together, and all turning to examine the new-comer with a cool stare which seemed to be as much the fashion as eye-glasses. They nodded affably when Fanny introduced her, said something civil, and made room for her at the table round which they sat waiting for Monsieur. Several of the more frolicsome wore imitating the Grecian Bend, some were putting their heads together over little notes, nearly all were eating confectionery, and the entire twelve chattered like magpies. Being politely supplied with caramels, Polly sat looking and listening, feeling very young and countrified among these elegant young ladies.
"Girls, do you know that Carrie has gone abroad? There has been so much talk, her father couldn't bear it, and took the whole family off. Isn't that gay?" said one lively damsel, who had just come in.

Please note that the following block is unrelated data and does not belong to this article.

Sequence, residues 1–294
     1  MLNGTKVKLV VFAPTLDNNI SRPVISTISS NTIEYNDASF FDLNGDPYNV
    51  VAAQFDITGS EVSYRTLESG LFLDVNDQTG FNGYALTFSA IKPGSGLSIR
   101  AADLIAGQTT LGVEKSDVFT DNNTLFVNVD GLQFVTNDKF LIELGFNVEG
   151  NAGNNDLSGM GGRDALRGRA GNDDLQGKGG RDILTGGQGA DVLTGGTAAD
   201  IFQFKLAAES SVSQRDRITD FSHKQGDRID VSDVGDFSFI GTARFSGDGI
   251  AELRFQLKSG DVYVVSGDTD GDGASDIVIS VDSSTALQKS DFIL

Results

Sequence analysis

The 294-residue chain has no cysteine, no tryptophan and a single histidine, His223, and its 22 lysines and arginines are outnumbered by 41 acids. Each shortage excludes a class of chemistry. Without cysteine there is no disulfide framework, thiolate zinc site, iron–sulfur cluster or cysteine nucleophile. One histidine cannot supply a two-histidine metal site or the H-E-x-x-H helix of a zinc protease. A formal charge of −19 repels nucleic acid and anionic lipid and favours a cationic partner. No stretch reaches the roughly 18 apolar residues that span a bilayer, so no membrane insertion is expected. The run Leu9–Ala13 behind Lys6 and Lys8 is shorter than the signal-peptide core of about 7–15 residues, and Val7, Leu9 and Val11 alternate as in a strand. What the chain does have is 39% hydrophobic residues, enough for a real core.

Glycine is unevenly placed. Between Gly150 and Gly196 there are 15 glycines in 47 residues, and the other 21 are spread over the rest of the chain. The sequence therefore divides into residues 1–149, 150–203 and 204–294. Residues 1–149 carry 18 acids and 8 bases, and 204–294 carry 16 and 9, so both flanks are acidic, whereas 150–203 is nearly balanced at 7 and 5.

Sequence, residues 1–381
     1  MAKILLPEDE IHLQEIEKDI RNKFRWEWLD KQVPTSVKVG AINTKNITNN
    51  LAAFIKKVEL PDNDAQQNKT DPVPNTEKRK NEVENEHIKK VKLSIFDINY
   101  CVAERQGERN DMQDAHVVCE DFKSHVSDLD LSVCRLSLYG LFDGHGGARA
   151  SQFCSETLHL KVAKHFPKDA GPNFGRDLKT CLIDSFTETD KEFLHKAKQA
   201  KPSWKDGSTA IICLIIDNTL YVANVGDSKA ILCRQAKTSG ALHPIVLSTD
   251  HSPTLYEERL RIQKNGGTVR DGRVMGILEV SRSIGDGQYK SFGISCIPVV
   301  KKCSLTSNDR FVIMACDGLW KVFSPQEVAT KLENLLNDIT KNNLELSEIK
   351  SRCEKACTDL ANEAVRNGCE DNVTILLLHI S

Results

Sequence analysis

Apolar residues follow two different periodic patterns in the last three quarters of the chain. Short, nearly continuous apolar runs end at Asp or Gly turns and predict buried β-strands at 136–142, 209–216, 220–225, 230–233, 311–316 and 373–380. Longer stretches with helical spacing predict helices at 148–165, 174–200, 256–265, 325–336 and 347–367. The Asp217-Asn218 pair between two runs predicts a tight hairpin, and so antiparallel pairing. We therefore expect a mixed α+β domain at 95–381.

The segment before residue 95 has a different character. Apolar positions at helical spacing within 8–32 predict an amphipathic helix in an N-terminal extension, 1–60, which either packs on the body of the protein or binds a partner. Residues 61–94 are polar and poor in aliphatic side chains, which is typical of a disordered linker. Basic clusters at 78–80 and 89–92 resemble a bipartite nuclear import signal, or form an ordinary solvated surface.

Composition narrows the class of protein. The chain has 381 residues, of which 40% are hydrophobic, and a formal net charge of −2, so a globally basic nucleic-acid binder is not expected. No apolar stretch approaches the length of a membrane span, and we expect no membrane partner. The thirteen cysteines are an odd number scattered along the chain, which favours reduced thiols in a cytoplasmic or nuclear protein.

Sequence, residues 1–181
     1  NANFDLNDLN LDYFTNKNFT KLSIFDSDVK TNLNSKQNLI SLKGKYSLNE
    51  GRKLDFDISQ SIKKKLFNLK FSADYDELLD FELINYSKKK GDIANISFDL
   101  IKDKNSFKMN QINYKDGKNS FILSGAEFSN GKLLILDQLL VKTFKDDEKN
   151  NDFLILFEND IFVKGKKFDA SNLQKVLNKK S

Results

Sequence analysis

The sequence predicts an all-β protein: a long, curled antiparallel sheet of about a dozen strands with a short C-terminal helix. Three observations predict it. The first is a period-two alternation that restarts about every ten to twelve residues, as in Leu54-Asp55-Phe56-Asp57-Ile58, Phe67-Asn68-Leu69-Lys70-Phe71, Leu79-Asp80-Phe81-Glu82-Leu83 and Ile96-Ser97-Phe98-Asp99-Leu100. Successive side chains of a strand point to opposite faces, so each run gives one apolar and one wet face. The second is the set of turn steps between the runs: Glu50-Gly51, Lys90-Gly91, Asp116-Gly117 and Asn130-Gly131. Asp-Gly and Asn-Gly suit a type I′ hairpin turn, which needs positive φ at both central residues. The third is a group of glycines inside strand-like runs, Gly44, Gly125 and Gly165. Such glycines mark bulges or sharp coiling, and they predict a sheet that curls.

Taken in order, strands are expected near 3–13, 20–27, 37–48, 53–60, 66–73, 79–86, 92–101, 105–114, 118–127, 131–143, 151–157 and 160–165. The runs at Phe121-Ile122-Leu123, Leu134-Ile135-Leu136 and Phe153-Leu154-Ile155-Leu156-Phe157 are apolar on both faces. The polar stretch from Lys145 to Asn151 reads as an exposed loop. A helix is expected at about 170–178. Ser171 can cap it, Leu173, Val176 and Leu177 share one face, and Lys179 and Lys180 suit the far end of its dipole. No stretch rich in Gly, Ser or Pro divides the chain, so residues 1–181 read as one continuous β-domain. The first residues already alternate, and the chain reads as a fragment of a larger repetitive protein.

"I should think they'd better go. My mamma says, if I'd been going to that school, she'd have taken me straight away," answered another girl, with an important air.
"Carrie ran away with an Italian music-teacher, and it got into the papers, and made a great stir," explained the first speaker to Polly, who looked mystified.
"How dreadful!" cried Polly.
"I think it was fun. She was only sixteen, and he was perfectly splendid; and she has plenty of money, and every one talked about it; and when she went anywhere, people looked, you know, and she liked it; but her papa is an old poke, so he's sent them all away. It's too bad, for she was the jolliest thing I ever knew."